Swampflix’s Top 10 Films of 2021

1. Titane Julia Ducournau’s follow-up to Raw is a greasy, Cronenbergian nightmare we didn’t want to wake up from: a darkly comic body horror about a serial killer who’s impregnated by a Cadillac and finds herself hiding out with an aging firefighter, disguising herself amongst his cartoonishly macho employees.  It’s a nuclear gender meltdown with no clear sense to be made in its burnt-to-the-ground wreckage, finding unlikely refuge in the violence of pure-masc camaraderie & social ritual.  At times overwhelmingly explicit and unflinchingly fixated on its own gory violence, but also a heartwarming tale of unconditional love.

2. Pig Not at all what you’d expect from a Nic Cage revenge thriller about a disgruntled chef’s John Wick-style mission to recover his stolen truffle pig.  An understated execution of a preposterous premise, refusing to behave either as a sober return-to-form showcase for the often-mocked actor or as fodder for his infinite supply of so-bad-its-good YouTube highlight reels.  It’s its own uniquely beautiful, tenderly macho thing, with more to say about the beauty of a thoughtfully prepared meal than the peculiar flavors of Cage’s screen presence.  Its heart is big, genuine, and forgiving, which is why it’s so moving despite its funhouse mirror reflection of the Portland culinary scene.

3. Barb and Star Go to Vista Del MarA delightful throwback to a very specific type of airheaded buddy comedy that rarely gets made anymore (think Romy & Michelle, A Night at the Roxbury, Dude Where’s My Car?, etc.), especially not with this level of grandeur in expensive set pieces and show-stopping musical numbers.  And it’s even rarer to see that comedic spotlight shone on middle-aged women: a demographic who don’t often get to enjoy the spotlight in anything, even goofy comedies.  We’re already hoping for sequels.

4. Saint Maud A horrific illustration of how traditional stories of sainthood & martyrdom would play out through a modern, critical lens.  An intensely strange character study of a woman of newfound, uninformed, fragmented faith: a personal belief system she obsessively devotes herself to, holding others to the strictures of her singular ideology even though no one on Earth could possibly know what’s going on inside her mind.  And what’s in there is fantastical: orgasmic visions of God and the Devil, Heaven and Hell, atheist souls in desperate need of saving, and an attempted act of self-canonization that’s almost too harrowing to look at directly.

5. The Green Knight A gritty, modernized illustration of an Arthurian quest — one that’s willing to critique the myths of yore, but not so much that the magic is lost.  The modern atmospheric horror treatment does wonders for the fantasy genre, apparently; it really sells the tension & dark magic. The moments of onscreen sorcery are dreamlike & metal as fuck, making for an unlikely new Christmas classic.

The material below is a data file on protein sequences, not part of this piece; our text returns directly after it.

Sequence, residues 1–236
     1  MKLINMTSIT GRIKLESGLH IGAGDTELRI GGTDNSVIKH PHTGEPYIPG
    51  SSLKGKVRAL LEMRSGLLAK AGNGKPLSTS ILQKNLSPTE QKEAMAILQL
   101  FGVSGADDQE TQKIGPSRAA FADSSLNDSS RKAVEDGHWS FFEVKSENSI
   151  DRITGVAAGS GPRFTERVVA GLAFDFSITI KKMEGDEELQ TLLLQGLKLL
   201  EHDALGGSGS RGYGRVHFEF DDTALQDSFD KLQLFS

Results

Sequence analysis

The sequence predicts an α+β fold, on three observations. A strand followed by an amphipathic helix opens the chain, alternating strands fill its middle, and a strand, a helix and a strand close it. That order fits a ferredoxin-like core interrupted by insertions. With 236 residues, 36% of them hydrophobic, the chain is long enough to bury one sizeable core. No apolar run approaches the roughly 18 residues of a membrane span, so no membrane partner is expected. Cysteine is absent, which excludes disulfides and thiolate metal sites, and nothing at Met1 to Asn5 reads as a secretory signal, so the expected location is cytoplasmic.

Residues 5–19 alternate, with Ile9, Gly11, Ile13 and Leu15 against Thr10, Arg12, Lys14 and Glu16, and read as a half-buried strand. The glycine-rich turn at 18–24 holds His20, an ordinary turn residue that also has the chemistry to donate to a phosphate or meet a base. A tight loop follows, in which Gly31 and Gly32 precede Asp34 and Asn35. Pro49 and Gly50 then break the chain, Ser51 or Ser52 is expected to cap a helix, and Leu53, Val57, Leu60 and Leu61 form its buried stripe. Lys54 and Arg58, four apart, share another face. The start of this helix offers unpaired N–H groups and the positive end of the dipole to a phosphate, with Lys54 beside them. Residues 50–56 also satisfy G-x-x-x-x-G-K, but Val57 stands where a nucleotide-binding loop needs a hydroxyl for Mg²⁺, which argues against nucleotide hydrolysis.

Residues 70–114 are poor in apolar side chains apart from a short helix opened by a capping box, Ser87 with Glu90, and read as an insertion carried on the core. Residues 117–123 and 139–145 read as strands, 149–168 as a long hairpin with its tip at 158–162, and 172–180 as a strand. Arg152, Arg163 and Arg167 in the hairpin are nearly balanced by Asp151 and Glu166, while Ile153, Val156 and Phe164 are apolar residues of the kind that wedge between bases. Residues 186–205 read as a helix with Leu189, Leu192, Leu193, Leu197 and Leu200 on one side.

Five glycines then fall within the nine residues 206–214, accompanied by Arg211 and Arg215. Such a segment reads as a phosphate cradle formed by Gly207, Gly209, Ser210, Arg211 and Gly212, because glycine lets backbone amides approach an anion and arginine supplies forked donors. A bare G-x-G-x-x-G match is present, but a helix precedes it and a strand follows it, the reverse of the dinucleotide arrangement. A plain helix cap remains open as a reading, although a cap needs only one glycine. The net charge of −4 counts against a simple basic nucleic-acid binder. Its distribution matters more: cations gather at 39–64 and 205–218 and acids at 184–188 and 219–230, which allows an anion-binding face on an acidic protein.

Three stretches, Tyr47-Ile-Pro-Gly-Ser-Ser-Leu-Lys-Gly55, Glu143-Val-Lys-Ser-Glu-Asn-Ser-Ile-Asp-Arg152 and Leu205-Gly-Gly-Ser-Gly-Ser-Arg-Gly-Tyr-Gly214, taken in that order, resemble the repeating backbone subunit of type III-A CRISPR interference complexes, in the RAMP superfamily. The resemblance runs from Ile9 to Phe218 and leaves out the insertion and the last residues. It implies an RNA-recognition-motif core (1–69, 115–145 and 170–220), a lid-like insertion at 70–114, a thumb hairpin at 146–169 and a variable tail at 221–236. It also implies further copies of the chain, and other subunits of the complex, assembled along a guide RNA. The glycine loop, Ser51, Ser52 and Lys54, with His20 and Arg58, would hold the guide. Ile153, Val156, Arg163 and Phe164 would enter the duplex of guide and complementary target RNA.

6. Bo Burnham: Inside As a “comedy special” this pandemic-era video diary can be hit-or-miss joke by joke.  The songs are great, though, and by the time it fully devolves into panicked video art about Internet Age despair it’s undeniably substantial.  It perfectly captures the feeling of reality itself crumbling around us as we remain in isolation, unable to tell what’s real and what’s not in our increasingly fake modern world.

7. The French Dispatch Film nerds often complain about how visually lazy studio comedies are, so here’s a movie packed with Hollywood Celebrities where every scene is overloaded with gorgeous visuals and hilarious jokes.  The anthology format affords Wes Anderson carte blanche to cram even more visual details & gags into the frame than usual, making for a texturally rich text.  If his previous films are beautifully decorated cakes, this one is a full banquet.

8. The Power of the Dog Jane Campion’s unnerving take on the Western genre conveys a masterful command of tone & form.  And even if Westerns aren’t usually your thing, it’s still a relatable story about that one dipshit bully in your family whose sudden death would instantly improve the lives of everyone you know. 

9. Lapsis  A high-concept, low-budget satire about our near-future gig economy dystopia.  It doesn’t aim for the laugh-a-minute absurdism of Sorry to Bother You, but it’s maybe even more successful in pinpointing exactly how dispiriting it feels to live & work right now.  It’s also incredibly smart in identifying what kind of radical labor movements we need to build to topple the power imbalances workers suffer under, offering a solution instead of just dwelling on the problem.

10. Mandibles  Quentin Dupieux’s absurdist comedy about bumbling criminals who adopt & corrupt a gigantic housefly so it can join them in acts of petty theft.  A laugh-out-loud gem that’s smarter and more imaginative than the Dumb & Dumber-era Farrelly Brothers movies it recalls.  And yet, it’s somehow just as hopelessly, delightfully stupid.